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A recent study at the University of Oregon (UO) proposed that smartphones may be as clever as their name suggests. Research into whether cell phones have a similar microbiome to the skin of the individual using it, has suggested that the device could potentially be used as a future personal microbiome sensor.
It is uncommon to meet somebody in the developed world who doesn't own a cell phone these days - in fact there are almost as many cell phones in the world as humans. Smartphones, with the capability of internet access and built in applications, have become a useful tool to track information about the user. This information can include health, travel and hobbies and can give a fairly accurate representation of the personality of its owner.
The UO is now suggesting, based on recent findings from a study, that cell phones could also provide data on the personal microbiome (microbes associated with the individual) of the owner of the device. As previous research had suggested that there is specific variations in microbes found on the skin of an individual, UO hypothesized that an individual's cell phone may also display this variation, as it has previously been described as "an extension of self". The fact that a person may touch their cell phone several times during an hour could lead to this similarity in microbiomes.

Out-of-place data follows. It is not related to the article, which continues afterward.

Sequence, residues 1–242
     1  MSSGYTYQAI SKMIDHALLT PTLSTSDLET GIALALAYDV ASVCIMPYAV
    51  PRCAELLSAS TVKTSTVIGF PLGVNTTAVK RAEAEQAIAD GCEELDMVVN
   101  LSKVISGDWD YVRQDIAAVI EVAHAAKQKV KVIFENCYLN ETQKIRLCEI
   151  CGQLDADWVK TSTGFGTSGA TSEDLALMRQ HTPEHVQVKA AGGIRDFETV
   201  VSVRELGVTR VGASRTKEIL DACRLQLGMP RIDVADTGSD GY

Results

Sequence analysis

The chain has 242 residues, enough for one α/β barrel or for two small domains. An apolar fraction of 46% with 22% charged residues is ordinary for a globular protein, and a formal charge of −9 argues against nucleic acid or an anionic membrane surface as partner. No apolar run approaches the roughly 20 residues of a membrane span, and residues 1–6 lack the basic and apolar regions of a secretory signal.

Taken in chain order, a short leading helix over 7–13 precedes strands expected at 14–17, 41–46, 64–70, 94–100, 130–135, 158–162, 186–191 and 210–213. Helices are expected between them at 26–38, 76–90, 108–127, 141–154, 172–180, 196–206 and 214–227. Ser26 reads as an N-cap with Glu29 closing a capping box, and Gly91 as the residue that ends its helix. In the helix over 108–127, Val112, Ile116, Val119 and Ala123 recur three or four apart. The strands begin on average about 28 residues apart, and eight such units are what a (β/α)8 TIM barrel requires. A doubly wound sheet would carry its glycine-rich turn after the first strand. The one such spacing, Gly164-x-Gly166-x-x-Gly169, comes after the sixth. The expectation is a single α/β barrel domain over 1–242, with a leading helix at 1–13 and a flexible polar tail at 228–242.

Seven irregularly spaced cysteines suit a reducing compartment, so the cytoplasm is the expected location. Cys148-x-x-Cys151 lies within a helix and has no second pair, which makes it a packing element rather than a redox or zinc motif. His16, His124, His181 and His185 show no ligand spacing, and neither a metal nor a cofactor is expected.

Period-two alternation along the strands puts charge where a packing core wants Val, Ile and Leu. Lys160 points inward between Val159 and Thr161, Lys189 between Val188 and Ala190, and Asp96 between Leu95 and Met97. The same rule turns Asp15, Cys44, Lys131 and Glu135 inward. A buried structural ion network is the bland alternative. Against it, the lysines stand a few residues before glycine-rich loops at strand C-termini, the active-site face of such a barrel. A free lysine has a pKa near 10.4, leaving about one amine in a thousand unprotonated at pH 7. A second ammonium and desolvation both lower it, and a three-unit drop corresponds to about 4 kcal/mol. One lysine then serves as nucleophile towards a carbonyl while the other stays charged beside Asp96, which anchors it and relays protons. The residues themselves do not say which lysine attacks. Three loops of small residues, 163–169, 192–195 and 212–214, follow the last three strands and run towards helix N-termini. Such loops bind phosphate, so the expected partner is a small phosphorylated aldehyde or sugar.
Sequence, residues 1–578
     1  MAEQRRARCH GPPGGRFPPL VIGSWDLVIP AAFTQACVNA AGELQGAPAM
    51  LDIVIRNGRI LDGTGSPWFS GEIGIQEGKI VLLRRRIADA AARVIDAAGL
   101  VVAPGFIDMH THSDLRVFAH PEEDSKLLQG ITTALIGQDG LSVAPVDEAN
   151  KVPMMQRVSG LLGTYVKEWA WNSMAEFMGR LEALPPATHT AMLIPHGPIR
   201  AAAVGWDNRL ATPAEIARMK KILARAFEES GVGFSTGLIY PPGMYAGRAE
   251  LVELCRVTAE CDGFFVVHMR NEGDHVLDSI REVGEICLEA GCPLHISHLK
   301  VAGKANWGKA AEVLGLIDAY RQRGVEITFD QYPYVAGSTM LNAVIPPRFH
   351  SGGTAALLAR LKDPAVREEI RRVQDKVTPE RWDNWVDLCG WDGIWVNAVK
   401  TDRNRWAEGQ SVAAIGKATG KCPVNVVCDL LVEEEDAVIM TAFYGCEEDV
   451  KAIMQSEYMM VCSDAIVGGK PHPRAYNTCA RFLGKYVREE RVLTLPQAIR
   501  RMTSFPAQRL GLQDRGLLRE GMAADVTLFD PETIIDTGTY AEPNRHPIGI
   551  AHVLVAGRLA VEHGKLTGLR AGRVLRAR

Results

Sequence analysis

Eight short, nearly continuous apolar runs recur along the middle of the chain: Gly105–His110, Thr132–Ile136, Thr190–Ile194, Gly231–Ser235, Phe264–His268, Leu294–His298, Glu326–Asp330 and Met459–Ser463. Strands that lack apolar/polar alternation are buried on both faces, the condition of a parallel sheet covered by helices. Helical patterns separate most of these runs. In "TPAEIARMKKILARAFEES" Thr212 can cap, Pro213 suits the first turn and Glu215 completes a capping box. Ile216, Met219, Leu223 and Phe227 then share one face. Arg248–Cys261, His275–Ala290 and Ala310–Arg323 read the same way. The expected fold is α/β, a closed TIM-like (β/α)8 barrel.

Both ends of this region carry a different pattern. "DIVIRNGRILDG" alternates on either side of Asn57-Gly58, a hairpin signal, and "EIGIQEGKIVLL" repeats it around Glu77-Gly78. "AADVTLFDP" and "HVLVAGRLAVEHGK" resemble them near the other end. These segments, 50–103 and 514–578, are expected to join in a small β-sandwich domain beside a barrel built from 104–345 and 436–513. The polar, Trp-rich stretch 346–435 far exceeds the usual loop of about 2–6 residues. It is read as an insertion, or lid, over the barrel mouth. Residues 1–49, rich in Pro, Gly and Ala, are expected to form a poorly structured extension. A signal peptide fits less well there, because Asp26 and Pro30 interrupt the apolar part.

Participants gathered from a workshop at the Robert Wood Johnson Foundation (17 in total) had the touch-surfaces of their cell phones along with their index fingers and thumbs of their dominant hands swabbed for microbes. These were then examined to identify microbial types on both the subjects and their individual cell phones, and then the two were compared for similarities. The microbial composition between the thumb and index finger was also compared.
Between digits, participants had roughly 32% shared Operational Taxinomic Units (OTU) compared to 22% with their individual cell phones.
When the focus was placed on OTUs representing more than 0.1% of the subject's dataset, between index fingers and phones there was an 82% shared OTU and between digits, a 96% OTU.
Results showed three microbial types to be prevelant on both the cell phones and individual's fingers, these were Streptococcus (typically found in the mouth), Staphylococcus and Corynebacterium (both found on the skin). Every participant in the study showed a microbiome more in common with their personal phone than another participants', suggesting that there is a relationship between a person using a cell phone, and the resulting bacteria found on it.
Females were also found to have a stronger link between their microbiomes on fingers and their cell phones than males, particularly with their index fingers.
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It seems that there is a fairly strong link between the bacteria existing on our most commonly used digits to operate a smartphone and the bacteria found on that smartphone. It may be too soon to tell whether a cell phone could be used to measure and monitor its user's microbiome, but this research is certainly a large step towards developing a technology capable of doing so.